The East Valley Institute of Technology has prepared a new program to equip teens transitioning out of foster care some tools to be successful on their own.
The program enables them to obtain their GED or high school equivalency diploma and enroll in an EVIT career training program so they can earn an industry certification and start a career, according to school spokeswoman CeCe Todd.
As part of this program, EVIT paired culinary instructors with a group of foster teens to teach them how to cook.
EVIT Foster Youth Services Coordinator Jaron Neal said the event was possible after a church volunteer, John Keane, coordinated with several group foster homes.
“Several of the group homes came to him and said that they wanted some sort of life-skill culinary cooking class for the foster students that are aging out of care.”
Together, Keane, Neal, and Chefs Michael Mauri and Armour Black deliberated and planned this event over a period of three months.
“The culinary guys have been amazing, and they are totally into, it’s been really nice of them to reach out,” Keane stated.
Initially planned to be a semester event, Neal said he hopes the program will become permanent to help with the transition out of foster care.
“Once we can get this down pat and we feel like we’re doing it pretty well, hopefully we can develop a nine-week class for foster youths completely free with them learning culinary and cooking skills.”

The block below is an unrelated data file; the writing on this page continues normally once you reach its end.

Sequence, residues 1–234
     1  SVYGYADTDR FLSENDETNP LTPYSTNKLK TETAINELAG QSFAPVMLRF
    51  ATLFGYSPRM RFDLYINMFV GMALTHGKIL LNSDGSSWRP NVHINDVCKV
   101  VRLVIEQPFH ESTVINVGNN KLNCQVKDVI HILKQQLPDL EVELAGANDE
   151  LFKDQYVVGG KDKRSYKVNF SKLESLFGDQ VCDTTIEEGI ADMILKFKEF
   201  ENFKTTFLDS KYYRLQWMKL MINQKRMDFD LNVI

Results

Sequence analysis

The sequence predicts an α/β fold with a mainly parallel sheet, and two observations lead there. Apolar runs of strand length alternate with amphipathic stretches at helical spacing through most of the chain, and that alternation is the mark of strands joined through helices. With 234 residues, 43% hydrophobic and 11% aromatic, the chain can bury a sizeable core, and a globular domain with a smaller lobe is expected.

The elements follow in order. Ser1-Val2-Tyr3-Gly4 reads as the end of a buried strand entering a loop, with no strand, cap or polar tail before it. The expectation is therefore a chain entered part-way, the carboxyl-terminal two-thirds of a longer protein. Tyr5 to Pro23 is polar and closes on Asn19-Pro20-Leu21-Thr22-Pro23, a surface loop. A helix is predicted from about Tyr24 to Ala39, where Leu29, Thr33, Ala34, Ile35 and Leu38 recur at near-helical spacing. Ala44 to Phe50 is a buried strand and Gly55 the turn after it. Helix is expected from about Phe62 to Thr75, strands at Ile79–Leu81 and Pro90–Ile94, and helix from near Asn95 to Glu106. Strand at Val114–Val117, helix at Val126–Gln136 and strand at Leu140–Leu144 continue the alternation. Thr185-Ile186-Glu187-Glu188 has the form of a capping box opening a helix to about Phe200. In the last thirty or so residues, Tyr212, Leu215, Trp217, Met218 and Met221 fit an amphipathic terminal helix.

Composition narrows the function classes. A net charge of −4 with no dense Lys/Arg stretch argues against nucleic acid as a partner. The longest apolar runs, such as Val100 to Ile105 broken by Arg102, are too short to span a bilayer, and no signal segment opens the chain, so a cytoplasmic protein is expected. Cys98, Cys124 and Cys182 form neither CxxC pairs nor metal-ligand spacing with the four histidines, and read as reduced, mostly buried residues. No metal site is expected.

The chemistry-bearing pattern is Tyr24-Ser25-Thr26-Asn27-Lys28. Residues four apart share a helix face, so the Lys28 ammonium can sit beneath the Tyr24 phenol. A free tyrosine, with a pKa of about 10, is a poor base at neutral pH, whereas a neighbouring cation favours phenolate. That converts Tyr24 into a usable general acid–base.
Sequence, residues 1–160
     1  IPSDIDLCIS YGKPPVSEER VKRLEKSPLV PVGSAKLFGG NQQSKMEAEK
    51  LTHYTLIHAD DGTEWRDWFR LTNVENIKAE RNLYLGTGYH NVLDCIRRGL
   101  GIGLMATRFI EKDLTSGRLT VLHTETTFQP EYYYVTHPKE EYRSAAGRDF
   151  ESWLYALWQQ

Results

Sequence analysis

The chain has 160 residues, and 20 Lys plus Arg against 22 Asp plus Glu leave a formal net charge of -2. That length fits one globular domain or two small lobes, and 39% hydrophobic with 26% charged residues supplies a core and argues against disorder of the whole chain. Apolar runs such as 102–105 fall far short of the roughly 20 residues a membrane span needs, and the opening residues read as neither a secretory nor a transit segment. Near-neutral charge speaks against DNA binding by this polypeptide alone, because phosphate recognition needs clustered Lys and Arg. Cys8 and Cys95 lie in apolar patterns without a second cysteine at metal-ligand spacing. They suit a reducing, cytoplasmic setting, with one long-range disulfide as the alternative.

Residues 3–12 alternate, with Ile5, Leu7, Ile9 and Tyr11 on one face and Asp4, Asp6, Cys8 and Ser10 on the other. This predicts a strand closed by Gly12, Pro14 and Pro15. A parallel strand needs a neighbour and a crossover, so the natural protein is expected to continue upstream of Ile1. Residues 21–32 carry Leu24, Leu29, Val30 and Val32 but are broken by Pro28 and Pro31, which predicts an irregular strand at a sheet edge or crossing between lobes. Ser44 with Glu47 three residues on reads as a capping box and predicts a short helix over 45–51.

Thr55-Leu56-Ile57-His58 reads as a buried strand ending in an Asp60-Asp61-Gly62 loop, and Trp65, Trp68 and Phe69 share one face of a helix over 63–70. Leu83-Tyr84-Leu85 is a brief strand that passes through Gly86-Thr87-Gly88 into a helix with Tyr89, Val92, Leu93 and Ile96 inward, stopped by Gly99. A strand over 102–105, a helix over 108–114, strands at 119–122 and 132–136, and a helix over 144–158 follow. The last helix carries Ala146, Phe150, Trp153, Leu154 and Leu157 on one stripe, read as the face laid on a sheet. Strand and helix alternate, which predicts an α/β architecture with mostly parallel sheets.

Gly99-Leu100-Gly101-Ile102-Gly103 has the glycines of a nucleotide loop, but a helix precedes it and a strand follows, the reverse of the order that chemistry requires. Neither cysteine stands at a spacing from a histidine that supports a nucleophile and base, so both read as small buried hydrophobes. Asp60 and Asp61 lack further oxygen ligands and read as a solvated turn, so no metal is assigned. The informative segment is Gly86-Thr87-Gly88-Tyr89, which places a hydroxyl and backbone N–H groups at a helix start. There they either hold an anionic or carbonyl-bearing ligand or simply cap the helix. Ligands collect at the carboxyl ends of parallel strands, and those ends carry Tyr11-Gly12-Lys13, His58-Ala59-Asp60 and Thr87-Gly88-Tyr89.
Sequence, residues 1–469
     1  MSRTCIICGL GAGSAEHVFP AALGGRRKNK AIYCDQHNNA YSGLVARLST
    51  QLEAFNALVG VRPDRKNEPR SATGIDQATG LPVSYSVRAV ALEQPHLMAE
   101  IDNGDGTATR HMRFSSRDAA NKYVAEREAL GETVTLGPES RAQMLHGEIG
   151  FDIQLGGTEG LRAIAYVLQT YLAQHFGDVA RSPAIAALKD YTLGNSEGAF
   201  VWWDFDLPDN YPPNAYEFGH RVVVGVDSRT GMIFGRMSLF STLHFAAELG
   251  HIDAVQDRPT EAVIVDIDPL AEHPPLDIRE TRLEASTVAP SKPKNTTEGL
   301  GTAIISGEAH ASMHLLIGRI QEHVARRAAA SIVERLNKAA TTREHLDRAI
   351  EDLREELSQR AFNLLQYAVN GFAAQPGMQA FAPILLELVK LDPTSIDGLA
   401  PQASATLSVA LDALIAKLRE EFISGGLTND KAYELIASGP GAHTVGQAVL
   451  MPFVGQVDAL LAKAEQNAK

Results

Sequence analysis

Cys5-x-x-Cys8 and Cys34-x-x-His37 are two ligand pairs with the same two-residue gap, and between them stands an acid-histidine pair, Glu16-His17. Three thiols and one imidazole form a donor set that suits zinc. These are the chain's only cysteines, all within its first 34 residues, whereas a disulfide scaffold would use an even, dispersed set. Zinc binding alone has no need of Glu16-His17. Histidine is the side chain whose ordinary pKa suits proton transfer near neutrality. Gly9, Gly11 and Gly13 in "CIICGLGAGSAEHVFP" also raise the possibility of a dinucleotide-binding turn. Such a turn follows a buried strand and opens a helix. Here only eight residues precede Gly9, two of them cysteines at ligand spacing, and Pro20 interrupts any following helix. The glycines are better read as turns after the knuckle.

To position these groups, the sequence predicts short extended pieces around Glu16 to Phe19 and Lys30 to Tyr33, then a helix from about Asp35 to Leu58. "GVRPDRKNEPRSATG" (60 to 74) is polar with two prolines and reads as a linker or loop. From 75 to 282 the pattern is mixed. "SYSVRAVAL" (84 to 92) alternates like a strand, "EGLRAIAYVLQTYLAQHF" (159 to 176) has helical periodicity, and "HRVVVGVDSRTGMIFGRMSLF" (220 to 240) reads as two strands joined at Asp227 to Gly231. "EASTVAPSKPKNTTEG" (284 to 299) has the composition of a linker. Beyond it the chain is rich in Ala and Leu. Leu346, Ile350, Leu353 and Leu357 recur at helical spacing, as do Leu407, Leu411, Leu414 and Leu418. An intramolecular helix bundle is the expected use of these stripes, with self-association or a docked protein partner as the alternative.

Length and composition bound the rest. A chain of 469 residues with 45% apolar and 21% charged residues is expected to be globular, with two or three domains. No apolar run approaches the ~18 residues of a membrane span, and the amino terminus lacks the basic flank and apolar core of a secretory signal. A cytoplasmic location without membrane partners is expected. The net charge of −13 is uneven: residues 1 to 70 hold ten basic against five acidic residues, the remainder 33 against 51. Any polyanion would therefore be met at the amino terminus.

The event started with Chefs Michael Mauri and Armour Black, EVIT culinary instructors, explained proper prep, etiquette, kitchen safety and tips on purchasing food.
The dinner on the menu consisted of chicken, rice, and vegetables of their choosing with strawberry shortcake as dessert.
After an overview of the menu and instructions, the 25 students were placed in the kitchen and started working in small teams.
One youth, who could not be named because of child privacy laws, was impressed by how informative and helpful the night had been.
Others conveyed how cooking is a major interest for them and intend to use what they learned in the future.
“I really enjoyed it, cooking around other people and just learning more about cooking,” one teen said. “I am a fan of cooking and I want to go to culinary school.”
Foster Youth Services Coordinator Jaron Neal said that the end goal is that the lessons that they learn will serve them as they go out on their own and that they’ll be able to make their own meals because of what the program taught them.
“The thing is, when you are working with foster students or any students who are considered at risk, you don’t look for immediate results,” he said. “What you look for is when they hit 25, 26, 27 that something stuck with them.”
Todd said EVIT Superintendent Dr. Chad Wilson “plans to grow it over time because there is a such a need for foster youth in Arizona to receive this kind of education and training.”